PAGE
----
It all really depends, as an acquaintance of mine used to say, on whose ox is being gored.

Cain, of course, was defending New York — or, at least, Wall Street — against the angry protests from citizens who are understandably irked that the financiers have profited from their selfish practices that caused so much pain for many millions of Americans who, as a result of others' creative accounting practices, lost their jobs.

Whose fault was that, Mr. Cain?

Now, I'll be the first to admit that there are always a couple of bad apples in any given barrel. But, as a song from my youth reminded listeners in those days, "One bad apple don't spoil the whole bunch." Prejudice is prejudice, whether it is based on race or religion or age or gender — or financial status.

The Great Recession has deprived America of the efforts of many creative, talented people, and it is simply wrong for anyone who knows nothing about individual circumstances to make a blanket assertion that the unemployed are to blame for not having a job.

The vast majority of the unemployed are not to blame for their plight, and it is to Cain's everlasting shame that he does blame them.

What's next? Will he blame the sick and the handicapped for their conditions? Will he blame the elderly for coming down with maladies that typically afflict older people?

America was once a country that offered a helping hand to those who were struggling, but, somehow, America has gone from being a place that sought to judge people on the content of their characters to a place that judges people on the content of their bank accounts. Well, most politicians do, regardless of party.

All the politicians, from the Oval Office on down, want money, lots of it. If they speak of encouraging job creation, it is mostly lip service, intended to gain votes but said in a kind of nudge, nudge, wink, wink sort of way to the money boys. We won't really hold you accountable, it implies.

No, they can't risk offending the money boys — or, for that matter those who have grown comfortable in their rapidly dwindling middle–class lifestyles and for whom the thought of being unemployed is like indigestion or the sight of a homeless person panhandling at an intersection — temporarily unpleasant, but, once gone from one's thoughts, it is forgotten, replaced by musings about this weekend's cookout or the impending release of the latest electronic gadget — and those who can afford it (and even some who cannot) will still contribute money to candidates who promise them they can keep what little they still have.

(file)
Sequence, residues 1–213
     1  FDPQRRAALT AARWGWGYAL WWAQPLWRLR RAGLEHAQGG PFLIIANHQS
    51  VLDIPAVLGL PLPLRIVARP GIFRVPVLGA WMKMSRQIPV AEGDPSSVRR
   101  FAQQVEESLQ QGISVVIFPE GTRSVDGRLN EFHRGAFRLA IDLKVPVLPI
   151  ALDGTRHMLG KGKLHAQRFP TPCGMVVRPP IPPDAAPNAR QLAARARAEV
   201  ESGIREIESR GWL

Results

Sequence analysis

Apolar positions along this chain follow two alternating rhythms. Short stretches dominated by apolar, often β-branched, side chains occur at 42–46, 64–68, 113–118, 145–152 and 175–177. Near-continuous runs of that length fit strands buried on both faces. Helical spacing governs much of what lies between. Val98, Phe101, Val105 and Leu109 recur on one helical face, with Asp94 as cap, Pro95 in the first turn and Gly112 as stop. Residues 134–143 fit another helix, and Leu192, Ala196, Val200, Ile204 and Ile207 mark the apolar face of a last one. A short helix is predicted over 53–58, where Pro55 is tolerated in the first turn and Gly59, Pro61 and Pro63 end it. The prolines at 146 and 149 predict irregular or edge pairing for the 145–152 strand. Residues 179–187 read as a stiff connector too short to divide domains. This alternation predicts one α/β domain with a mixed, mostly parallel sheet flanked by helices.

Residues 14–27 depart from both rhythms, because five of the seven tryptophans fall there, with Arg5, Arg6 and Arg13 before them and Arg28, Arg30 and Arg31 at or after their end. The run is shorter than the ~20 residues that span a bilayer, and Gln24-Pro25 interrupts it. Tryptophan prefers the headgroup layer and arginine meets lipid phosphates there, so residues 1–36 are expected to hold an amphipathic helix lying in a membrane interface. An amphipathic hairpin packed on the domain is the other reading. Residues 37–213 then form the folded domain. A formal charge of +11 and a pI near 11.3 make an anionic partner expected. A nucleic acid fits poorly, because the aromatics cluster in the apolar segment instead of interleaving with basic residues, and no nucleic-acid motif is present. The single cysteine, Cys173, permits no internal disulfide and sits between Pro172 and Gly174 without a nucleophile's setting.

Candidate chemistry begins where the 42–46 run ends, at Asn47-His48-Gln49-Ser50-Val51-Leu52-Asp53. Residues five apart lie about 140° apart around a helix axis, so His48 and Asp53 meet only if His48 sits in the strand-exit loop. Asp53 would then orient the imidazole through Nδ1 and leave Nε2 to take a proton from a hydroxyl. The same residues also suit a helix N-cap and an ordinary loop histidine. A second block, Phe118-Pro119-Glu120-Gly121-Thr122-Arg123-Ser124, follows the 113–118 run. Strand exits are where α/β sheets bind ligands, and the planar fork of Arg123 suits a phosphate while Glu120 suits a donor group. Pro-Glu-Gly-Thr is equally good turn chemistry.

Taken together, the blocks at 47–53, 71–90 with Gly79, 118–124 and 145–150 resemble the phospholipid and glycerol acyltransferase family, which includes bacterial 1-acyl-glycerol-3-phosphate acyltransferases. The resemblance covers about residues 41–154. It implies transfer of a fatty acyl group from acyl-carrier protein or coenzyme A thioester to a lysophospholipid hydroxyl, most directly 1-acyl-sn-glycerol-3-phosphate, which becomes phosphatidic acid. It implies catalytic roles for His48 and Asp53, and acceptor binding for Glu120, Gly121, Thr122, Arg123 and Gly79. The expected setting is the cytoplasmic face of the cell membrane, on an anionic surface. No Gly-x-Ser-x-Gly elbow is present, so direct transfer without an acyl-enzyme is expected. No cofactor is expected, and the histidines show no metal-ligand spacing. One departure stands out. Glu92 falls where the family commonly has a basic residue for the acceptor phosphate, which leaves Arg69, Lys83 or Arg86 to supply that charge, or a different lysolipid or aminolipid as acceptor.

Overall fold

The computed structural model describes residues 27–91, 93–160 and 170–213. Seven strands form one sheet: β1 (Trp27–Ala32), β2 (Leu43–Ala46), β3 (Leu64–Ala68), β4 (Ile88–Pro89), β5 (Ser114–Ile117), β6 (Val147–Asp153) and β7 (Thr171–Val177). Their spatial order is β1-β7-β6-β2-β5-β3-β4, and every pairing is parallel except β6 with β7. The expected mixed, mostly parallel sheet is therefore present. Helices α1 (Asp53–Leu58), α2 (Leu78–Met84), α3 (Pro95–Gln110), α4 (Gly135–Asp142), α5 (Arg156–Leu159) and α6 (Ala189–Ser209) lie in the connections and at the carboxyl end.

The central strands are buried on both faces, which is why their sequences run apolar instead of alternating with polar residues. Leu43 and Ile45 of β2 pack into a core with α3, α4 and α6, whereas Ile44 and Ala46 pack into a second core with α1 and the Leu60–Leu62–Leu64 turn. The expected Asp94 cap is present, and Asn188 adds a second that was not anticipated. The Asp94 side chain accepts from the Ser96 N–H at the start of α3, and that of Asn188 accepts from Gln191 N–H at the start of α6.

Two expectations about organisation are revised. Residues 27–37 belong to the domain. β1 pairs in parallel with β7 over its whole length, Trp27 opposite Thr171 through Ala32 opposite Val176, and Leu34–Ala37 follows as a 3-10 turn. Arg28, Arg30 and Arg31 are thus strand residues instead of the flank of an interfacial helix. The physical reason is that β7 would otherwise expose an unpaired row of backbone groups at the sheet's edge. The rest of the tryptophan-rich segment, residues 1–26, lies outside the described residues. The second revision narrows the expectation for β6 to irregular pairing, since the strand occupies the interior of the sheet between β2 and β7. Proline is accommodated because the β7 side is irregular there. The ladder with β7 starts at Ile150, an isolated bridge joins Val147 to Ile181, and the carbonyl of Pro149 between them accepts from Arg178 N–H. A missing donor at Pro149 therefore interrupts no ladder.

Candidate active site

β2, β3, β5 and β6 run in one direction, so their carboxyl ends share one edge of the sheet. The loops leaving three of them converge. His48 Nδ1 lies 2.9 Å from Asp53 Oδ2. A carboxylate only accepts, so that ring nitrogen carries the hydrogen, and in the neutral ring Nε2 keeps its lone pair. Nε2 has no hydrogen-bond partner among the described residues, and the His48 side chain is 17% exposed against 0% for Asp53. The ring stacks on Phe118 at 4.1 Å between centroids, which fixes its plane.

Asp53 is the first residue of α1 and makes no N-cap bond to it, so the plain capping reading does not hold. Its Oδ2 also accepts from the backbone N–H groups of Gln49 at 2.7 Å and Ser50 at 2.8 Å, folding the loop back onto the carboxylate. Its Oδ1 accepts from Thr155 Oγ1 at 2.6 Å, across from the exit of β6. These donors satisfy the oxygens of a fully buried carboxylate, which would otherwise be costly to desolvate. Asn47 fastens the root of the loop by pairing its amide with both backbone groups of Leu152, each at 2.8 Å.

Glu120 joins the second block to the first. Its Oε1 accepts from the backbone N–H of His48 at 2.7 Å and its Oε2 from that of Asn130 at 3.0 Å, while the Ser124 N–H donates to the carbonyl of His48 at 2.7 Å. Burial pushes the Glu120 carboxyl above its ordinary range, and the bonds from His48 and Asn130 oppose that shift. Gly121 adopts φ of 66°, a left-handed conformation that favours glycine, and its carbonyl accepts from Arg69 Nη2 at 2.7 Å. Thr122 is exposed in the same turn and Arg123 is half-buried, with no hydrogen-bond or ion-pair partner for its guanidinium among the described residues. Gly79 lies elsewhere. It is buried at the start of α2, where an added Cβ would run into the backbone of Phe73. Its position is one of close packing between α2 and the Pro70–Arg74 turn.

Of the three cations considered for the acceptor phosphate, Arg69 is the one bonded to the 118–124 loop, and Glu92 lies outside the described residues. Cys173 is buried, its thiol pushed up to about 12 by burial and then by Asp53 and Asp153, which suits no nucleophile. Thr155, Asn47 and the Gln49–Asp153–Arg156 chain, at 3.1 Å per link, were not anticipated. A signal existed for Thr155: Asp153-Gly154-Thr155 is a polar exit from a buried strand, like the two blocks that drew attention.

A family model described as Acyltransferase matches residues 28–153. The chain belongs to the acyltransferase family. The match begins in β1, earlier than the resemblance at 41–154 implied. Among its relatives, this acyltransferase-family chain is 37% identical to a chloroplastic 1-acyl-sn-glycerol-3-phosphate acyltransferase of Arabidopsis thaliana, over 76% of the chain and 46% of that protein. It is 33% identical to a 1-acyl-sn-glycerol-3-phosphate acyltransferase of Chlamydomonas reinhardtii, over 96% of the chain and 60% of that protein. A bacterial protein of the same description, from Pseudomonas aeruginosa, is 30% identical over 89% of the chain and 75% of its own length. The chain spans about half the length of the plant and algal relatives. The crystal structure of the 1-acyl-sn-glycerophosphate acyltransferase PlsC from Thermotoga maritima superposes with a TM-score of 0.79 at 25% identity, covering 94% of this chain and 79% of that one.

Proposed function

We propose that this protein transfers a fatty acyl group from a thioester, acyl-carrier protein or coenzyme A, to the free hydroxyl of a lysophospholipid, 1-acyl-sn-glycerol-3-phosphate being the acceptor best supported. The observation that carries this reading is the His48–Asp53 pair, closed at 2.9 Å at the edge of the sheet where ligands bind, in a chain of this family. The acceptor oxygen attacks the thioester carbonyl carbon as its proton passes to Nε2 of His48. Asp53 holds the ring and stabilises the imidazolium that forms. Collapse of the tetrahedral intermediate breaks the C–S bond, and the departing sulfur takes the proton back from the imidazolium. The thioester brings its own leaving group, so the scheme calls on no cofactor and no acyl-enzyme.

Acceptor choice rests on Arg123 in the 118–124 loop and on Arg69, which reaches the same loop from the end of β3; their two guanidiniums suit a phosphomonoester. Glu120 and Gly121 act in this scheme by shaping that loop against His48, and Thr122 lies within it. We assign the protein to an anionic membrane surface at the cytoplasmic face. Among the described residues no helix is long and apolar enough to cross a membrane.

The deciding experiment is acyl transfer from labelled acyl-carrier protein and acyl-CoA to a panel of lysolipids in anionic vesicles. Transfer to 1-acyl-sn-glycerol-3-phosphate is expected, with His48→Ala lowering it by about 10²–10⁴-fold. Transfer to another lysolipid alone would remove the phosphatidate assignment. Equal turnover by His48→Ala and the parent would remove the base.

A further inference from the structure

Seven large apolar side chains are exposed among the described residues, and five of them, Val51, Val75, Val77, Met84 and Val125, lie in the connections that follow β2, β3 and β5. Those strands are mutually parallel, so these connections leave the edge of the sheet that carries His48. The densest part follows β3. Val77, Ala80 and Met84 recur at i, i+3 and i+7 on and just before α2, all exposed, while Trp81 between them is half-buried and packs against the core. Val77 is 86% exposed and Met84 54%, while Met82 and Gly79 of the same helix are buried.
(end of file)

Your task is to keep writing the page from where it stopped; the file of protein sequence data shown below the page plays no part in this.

Money is power. Money is clout. Money buys advertising time. The unemployed can't afford to contribute much to political campaigns — their money is tied up in staying alive. But the financiers, the bankers, the Wall Streeters do have money, lots of it, and politicians in both parties shamelessly pursue it.

It's not your fault, Cain and others like him soothingly tell Wall Street. It's those greedy unemployed people. If they had any gumption, they'd go out and get a job or start their own business and make a fortune like Steve Jobs.

I share the rage that many people feel toward Wall Street, but I try to be rational about it. As I have observed so many times, things are rarely black and white. Most of the time, they are distinguished by subtle shades of gray.

I rather liked what Conor Friedersdorf wrote in The Atlantic: "There are honest and dishonest people on Wall Street, sensible and absurd people in the Occupy Wall Street, accurate and inaccurate critiques of American finance."

It is counter–productive to obsess about blame as we have a tendency to do in our culture these days. After all, Democrats promised to close Guantanamo and bring the troops home. I have Democrat friends who insist that these steps, along with taxing the rich, will put the economy back on track.

And I have Republican friends who blame excessive regulation and Obamacare for restricting job creation.

And neither side will concede that the other might have a good point or two.

We also have a tendency to rush to judgment. When Bush was president, critics were dismissed as unpatriotic. During Obama's presidency, critics have been dismissed as racist. Neither side cared about legitimate concerns that were raised. That's no way to build a consensus.

It's been easier for both sides to adopt a take–no–prisoners–all–or–nothing approach to governing — to rely on shaming the other side.

Well, the shame is on the politicians. And a good place to start is with Herman Cain.

Thursday, October 6, 2011

Ford's Self-Inflicted Wound



On this night in 1976, President Ford and Jimmy Carter met in the second of their three televised debates.